Crime does not pay, but soundtracks might.
Purchase this album: Amazon
THE SCENE: In 1989, Bad Seeds ex-bassist Barry Adamson released his first solo album Moss Side Story, the acclaimed noir soundtrack to a wholly imagined non-existent thriller. This success led to him scoring an actual movie (1991’s Delusion) and recording his follow-up, the darkly cool construct of Soul Murder.
Thematically concerned with the criminal justice system it begins with “Preface”, which blends air raid sirens with one convicts’ hostile rap sheet recitation from the excellent documentary Scared Straight:
“I’m in for murder, kidnapping, robbery, armed robbery, conspiracy, breakin’ a dude’s jaw and breakin’ a fuckin’ woman’s both her goddamn arms! Look (what) the fuck’s happened to me!”
The mood lightens considerably with the detective yarn “Split”. Adamson narrates the whimsical pastiche of swing jazz and beat poetry under the aliases of “Oscar de la Soundtrack, Mr. Moss Side Gory, (and) Harry Pendulum”. A martini-sharp walking bass line anchors a wonderfully rambling tale of an investigator’s passion for his work.
The glee ends abruptly with “A Gentle Man of Colour”. Over a soundscape of unsettling noises it chillingly recasts a mob lynching as the subject of an emotionless evening news report. Although the story is all too familiar the neutrality of the announcer becomes a new additional horror.
From this point on, Soul Murder makes a detour into other pseudo-scores. The icy keyboards of “Checkpoint Charlie” hint at a midnight chase through a Eurail station, while the throbbing and whistle-filled “Un Petit Miracle” is ripe for addition to early 80s French cartoons.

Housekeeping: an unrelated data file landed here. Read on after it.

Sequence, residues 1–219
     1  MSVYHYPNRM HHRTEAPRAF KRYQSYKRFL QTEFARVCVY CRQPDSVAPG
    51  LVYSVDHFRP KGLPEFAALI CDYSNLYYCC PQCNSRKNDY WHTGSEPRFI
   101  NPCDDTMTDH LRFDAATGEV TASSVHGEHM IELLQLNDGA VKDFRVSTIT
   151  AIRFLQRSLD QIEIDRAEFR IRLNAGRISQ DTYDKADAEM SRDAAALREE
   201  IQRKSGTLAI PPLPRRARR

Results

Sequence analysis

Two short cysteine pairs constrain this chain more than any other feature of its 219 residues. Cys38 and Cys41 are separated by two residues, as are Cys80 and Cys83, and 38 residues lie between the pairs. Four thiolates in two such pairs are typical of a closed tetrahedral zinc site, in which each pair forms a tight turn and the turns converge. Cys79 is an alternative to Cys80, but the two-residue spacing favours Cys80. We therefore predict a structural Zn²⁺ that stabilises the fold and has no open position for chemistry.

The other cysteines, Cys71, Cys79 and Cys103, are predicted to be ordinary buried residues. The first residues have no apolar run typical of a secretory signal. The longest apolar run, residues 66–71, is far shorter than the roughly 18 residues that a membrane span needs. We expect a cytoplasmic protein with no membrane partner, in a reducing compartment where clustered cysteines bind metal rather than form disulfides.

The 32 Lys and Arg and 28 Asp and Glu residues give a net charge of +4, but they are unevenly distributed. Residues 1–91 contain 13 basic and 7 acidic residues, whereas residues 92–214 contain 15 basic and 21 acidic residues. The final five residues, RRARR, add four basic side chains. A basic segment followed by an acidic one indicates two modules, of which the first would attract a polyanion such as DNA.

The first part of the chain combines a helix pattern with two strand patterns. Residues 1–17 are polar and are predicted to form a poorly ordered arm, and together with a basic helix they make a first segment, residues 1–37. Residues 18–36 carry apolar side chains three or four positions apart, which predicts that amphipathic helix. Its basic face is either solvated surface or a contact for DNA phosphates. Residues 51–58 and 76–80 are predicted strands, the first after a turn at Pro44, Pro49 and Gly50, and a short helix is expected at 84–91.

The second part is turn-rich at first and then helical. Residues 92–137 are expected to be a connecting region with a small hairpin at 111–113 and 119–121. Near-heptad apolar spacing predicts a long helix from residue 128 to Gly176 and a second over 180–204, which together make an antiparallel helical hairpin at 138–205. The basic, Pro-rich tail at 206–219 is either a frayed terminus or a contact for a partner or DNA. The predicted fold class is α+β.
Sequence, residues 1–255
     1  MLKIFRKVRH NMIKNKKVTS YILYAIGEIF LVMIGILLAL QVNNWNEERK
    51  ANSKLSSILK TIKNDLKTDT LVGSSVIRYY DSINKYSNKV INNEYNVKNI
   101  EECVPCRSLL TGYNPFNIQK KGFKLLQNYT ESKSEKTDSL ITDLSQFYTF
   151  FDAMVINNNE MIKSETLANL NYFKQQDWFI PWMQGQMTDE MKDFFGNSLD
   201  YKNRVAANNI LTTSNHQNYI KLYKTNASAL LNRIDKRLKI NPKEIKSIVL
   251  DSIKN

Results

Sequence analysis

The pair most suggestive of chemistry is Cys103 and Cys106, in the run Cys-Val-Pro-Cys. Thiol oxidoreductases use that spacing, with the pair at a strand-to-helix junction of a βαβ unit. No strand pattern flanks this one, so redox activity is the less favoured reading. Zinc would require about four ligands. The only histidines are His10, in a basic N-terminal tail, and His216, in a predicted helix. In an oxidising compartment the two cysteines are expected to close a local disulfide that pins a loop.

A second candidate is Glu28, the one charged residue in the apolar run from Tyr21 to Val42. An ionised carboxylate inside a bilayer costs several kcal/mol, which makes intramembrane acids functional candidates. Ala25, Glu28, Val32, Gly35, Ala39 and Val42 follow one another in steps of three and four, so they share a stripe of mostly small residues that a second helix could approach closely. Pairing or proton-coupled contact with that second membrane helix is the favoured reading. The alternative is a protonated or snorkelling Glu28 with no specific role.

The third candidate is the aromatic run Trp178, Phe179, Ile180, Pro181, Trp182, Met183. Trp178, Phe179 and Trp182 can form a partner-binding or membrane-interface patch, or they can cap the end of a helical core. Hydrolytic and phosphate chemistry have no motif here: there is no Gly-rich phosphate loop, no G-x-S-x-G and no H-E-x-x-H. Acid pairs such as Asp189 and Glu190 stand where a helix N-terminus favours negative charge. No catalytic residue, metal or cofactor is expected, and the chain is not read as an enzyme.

“007, A Fantasy Bond Theme” is a clever scenario that re-imagines James Bond as a Jamaican daydreamer, resulting in an inspired ska-based. period-sounding interpretation of the James Bond theme.
“The Adamson Family” is a swinging toe-tapper that begins, quite naturally, with the actual sound of toe taps. Strings swirls around a sweet marimba that brings to mind skating in a “black tie only” ice rink, if such an ice rink existed.
Not that an objects’ physical existence has been a sticking point for Barry Adamson.
THE FALLOUT: As you may have read in my Terence Trent D’Arby review, it’s quite common to suffer the sophomore slump if your first album was an out-of-the-box success. Soul Murder was received as a letdown after the brilliance of Moss Side Story, and remains one of Barry Adamson’s more obscure albums.
Soul Murder is available worldwide from Amazon and you can sample tracks here:
A dark yet comical enigma, the conceptual flights of Soul Murder are a refreshing change from the bold and logical.
See you next Wednesday.
NEXT WEEK: Chuck D realizes that dropping science can get you dropped.